Research Note: Pure Storage Accelerate Take Aways

By Patrick Moorhead, Matt Kimball - July 13, 2023

Pure Storage held its annual Accelerate conference in Las Vegas a couple of weeks back. And while I could not attend, I wanted to share some perspectives on what the company announced. Also, as I am new to covering the storage industry (and have never written about Pure), I will offer some thoughts on why the company has found so much success.

A quick overview of Pure Storage

While many of us think of Pure as the new kids on the storage block, the company was founded in 2009 by storage veterans looking to deliver high performance and simplicity through an all-flash storage architecture. Replacing hard disk drives with solid-state drives allowed the company to deliver both of these and increased reliability to a market that had become used to incremental innovation.

Since then, the company has grown into one of the true storage innovators with a portfolio that continues to drive performance, simplicity, efficiency, and reliability. And while storage is the category, the company seems to align its designs, development, and focus on data – capturing, moving, transforming, storing, and protecting

As you can see in the above graphic, Pure’s platforms align nicely with different ways data is used and stored in the enterprise. Starting on the left, you can see how FlashArray scales in the performance-capacity spectrum to deliver extreme speeds, the lowest latency, and the largest scale. The FlashBlade products focus on delivering lots of capacity (and speed) for organizations with lots of unstructured data that needs to be analyzed.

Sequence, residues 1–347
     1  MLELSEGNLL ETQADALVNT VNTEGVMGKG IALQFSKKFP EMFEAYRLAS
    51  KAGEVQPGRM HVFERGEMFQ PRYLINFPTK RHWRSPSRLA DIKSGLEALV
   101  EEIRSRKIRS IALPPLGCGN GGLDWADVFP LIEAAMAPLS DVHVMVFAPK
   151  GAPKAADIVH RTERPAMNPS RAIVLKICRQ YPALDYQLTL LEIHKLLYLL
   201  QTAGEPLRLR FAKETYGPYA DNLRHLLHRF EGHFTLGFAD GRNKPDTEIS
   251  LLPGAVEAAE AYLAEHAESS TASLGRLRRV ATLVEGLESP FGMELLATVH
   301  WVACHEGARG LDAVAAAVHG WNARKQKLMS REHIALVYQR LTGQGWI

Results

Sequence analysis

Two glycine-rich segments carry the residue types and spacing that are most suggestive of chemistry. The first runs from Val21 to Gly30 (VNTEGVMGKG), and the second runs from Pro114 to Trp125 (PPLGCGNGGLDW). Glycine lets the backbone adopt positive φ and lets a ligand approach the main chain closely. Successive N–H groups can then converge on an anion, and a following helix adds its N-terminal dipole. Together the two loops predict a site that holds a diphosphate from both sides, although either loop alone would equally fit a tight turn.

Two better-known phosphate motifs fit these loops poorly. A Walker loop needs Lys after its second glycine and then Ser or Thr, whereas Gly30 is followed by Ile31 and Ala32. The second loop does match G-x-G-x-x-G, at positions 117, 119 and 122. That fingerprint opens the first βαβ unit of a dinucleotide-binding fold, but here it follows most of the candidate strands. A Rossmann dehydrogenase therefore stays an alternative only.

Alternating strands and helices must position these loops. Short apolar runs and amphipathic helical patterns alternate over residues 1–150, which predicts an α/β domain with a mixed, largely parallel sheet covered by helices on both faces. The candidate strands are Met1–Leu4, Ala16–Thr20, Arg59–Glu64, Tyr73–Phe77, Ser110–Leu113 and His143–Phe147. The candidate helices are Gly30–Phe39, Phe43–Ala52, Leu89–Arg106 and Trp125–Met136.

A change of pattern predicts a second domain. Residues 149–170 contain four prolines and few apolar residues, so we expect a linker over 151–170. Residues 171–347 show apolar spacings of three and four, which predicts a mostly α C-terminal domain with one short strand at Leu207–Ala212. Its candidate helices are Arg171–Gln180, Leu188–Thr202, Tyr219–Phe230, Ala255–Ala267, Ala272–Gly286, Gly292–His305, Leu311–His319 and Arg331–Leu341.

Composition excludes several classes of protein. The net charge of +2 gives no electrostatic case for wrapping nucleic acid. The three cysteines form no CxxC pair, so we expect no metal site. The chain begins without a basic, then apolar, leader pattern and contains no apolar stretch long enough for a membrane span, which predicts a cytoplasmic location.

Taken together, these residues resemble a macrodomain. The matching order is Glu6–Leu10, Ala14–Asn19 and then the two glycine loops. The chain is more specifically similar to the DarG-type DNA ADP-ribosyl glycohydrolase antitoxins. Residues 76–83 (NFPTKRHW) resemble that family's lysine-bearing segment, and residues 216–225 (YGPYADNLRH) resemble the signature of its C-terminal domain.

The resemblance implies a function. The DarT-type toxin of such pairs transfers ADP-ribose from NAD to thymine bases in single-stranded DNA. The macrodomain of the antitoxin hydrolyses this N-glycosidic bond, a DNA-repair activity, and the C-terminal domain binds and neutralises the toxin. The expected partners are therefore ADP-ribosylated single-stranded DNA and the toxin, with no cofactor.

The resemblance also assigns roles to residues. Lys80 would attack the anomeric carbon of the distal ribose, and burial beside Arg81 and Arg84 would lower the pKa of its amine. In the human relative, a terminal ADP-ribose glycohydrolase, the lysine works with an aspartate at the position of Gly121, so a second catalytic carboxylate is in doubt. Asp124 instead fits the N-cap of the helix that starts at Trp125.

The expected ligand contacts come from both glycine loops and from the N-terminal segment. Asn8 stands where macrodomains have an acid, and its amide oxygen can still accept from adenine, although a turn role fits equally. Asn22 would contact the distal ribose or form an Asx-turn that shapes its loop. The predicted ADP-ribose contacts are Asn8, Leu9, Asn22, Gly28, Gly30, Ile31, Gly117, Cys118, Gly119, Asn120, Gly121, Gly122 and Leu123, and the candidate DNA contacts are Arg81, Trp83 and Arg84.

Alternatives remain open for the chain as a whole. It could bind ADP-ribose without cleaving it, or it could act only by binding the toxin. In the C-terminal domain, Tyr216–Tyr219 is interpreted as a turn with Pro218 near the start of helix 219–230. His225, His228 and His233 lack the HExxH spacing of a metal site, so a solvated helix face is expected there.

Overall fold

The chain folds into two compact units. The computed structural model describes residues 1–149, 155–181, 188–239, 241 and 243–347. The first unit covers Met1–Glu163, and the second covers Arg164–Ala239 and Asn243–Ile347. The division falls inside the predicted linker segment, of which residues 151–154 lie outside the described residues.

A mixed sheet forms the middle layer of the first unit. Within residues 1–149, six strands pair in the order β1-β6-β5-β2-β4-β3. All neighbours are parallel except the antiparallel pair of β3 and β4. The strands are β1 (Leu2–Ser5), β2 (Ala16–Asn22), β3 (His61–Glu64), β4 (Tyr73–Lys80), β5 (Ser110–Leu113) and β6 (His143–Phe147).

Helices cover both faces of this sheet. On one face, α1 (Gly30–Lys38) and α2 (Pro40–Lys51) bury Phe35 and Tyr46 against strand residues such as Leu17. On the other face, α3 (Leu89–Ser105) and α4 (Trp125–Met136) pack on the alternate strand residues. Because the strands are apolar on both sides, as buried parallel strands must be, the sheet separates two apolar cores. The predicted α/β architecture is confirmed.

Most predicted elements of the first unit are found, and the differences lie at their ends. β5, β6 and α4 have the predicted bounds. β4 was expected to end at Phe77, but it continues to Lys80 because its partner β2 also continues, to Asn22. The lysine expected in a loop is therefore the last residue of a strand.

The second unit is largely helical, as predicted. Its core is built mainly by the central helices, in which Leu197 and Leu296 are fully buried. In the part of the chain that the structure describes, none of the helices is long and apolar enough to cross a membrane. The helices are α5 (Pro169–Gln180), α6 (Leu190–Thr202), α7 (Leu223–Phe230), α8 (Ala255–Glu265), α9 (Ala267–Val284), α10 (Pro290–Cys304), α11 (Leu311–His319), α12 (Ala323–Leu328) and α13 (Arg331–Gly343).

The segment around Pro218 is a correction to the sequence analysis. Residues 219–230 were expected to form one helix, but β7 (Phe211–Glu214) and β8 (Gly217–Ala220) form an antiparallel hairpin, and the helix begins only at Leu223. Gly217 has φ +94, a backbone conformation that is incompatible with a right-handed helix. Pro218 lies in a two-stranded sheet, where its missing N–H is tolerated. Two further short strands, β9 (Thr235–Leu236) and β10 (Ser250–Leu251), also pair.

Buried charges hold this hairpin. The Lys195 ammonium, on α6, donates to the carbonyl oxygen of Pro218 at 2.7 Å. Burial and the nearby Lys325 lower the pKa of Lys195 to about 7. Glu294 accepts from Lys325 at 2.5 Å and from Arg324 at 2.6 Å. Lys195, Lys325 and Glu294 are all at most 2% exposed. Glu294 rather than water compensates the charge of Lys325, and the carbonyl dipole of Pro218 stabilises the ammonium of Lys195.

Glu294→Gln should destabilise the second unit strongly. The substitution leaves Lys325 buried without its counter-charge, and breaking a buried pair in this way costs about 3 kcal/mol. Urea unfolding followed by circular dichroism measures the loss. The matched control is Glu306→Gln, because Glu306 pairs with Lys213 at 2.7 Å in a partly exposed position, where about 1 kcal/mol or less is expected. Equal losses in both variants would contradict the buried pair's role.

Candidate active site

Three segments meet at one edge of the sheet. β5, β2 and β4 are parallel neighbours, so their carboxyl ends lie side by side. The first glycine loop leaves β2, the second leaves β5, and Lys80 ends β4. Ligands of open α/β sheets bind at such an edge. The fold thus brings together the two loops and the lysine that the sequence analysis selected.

While the letters following the product name (e.g.,//XL) are a t-shirt size, it’s important to distinguish the Pure//E family. These products represent offerings via Pure’s Evergreen program. Evergreen is Pure’s subscription-based storage as a service (STaaS) offering.

What exactly is this? Let’s set up the challenge first – IT pros and storage administrators are forever challenged deploying, maintaining, and refreshing their storage environments. It’s hard to anticipate the organization’s needs today and tomorrow, and it’s hard to keep up with the fast pace of innovation. So, what if an org could enter into a consumption agreement with their storage vendor where all these concerns go away? This is what Pure has provided with Evergreen.

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I believe what Pure has done with Evergreen is the future of the storage market – and the company is very well positioned as the leader. We can take a step back and say that what Pure has done in being an all-flash provider is the future of the storage market. Multiple consumption models are a further differentiator.